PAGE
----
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Panel I Partnering for Photovoltaic Technologies Moderator: Congresswoman Gabrielle Giffords (D-Arizona) Congresswoman Giffords said that many people assumed that her strong support for photovoltaic technologies was a reflection of representing the 8th Congressional District, in the southeast corner of Arizona. While it is true that her district receives more sun than most, she said, the entire country has abundant solar energy. Yet the country leading the world in deployment of PV, she said, was Germany, “which gets about as much sun as Anchorage, Alaska. So the United States has a natural advantage when it comes to solar.” She said that she thinks about three “serious global challenges” every day on the way to work: (1) Foreign energy dependence: How have we reached this condition, and what resources do we need to break this dependence and ensure our energy supply in the future? (2) Climate change: How fast is the globe warm - ing, and how might climate instability lead to real problems for the United States and the world? (3) How can the decline of the U.S. economy best be reversed so as to ensure our economic competitiveness? “The great power of solar energy,” she said, “is that it provides elegant solu - tions to each of these three critical problems.” It addresses energy independence, she said, by reducing the nation’s use of foreign energy; it helps stabilize the climate by producing power without increasing carbon dioxide in the atmosphere; and it promises to contribute to economic competitiveness by creating new jobs in solar-related industries. She, like Senator Udall, emphasized that the United States was not alone in recognizing the economic potential of solar energy. The country has historically been a leader in solar technology, she said, but it is not a leader in PV manufac - turing. She said that she hoped the symposium would provide guidance on how to create that leadership. 132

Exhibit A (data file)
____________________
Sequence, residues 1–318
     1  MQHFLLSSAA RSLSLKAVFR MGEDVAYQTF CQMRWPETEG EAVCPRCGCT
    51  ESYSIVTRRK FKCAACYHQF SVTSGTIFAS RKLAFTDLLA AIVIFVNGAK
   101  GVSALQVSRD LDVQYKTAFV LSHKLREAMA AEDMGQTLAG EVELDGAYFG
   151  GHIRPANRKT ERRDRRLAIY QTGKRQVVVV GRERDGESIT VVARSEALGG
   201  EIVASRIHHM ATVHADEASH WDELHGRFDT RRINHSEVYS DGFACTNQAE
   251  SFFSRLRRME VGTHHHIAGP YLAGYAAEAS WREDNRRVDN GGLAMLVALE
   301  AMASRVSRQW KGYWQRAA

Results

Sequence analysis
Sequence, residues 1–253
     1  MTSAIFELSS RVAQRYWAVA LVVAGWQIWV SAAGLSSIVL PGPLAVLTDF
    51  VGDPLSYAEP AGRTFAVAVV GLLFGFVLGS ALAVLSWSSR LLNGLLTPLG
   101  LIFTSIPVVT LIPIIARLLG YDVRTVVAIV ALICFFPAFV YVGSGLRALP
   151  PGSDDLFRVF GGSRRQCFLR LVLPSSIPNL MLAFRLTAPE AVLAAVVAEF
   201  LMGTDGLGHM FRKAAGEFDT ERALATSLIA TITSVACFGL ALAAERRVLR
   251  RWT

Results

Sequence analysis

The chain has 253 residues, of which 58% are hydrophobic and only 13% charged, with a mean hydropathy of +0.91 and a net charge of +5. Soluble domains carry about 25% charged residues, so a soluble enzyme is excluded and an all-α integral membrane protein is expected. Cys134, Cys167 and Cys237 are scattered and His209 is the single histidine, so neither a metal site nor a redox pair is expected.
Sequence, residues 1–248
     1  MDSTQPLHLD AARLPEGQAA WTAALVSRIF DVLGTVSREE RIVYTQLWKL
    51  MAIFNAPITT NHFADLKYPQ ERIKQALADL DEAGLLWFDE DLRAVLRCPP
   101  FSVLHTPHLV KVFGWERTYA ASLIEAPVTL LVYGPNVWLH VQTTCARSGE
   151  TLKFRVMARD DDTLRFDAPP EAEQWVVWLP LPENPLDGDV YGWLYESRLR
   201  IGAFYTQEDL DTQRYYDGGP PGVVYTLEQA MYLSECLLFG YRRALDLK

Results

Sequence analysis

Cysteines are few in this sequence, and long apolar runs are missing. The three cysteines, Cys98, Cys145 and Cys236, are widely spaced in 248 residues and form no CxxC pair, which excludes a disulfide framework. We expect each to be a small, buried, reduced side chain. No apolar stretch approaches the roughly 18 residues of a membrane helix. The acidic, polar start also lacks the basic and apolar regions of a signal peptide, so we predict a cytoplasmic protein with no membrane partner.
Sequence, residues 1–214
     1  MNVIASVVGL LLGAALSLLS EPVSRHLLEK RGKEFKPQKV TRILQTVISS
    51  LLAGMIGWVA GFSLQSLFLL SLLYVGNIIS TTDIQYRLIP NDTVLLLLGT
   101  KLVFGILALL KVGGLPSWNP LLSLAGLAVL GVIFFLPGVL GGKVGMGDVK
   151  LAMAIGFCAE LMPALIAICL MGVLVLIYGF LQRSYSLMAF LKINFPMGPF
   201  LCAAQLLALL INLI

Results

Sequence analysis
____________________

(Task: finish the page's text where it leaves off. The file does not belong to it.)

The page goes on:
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133 PANEL I OVERCOMING POLITICAL RESISTANCE One of the most daunting barriers, Congresswoman Giffords said, is political resistance. “The lobbyists for renewable energy are far outnumbered,” she said. A survey by the Center for Public Integrity of self-identified lobbyists working on climate questions reported that only 1 out of 10 lobbyists actually identified themselves as interested in renewable energy. She summarized the amounts spent by various energy lobbies during the first quarter of 2009, as follows: American Petroleum Institute, $1.9 million; British Petroleum, $3.6 million; Marathon Oil, $3.4 million; Conoco Phillips, $5.9 million; Chevron, $7 million; Exxon Mobil, $9.6 million. The American Coalition for Clean Coal Energy has an annual budget of $45 million. For renewable sources of energy, the wind power lobby spent some $1.6 million in the first quarter, and SEIA, the solar energy lobbying effort, spent $410,000. “This is what we’re up against,” she said. “I’m not putting this up so we can get discouraged, because obviously with few resources, the solar industry has made tremendous strides. But now we have to figure out how to get this technology out there and installed and making a difference for our country and our world.” To do this, she suggested that supporters should “organize, advertise, and educate.” “I know that the solar resource in the United States is greater than the fossil resource,” she said. “And I know that it’s ecologically and economically feasible for solar to be a major power generator. But many of my colleagues don’t know this—primarily because they just don’t have the information.” She urged her au - dience to communicate more directly and aggressively with Congress and others in positions of influence. She closed by observing that much of the effort currently expended by so - lar companies is directed at demonstrating the strength of their own particular technologies. While this is essential, she said, the PV industry is unlikely to achieve its potential without more collaboration between all solar companies to educate the public about the solar opportunity. She said that in Arizona, her office makes education a key part of its solar strategy. They offer “Solar 101” classes to the public at schools, libraries, and other locations to explain how the aver- age consumer can benefit from solar installations at their home or business. She has created a “Solar Hot Team,” consisting of solar leaders from across Arizona that engages in weekly check-ins to share information and insights on recent developments. “The bottom line,” she said, “is that we have a lot to do. Some of my frus - tration with the technology folks getting into clean energy is that they have not fully appreciated how energy is different from Silicon Valley and the computing industry. Many of them have not understood the challenges of going into these very traditional energy markets, where they have to deal with regulations at the federal, state, and local levels. Add to that the fact that the lobbying power of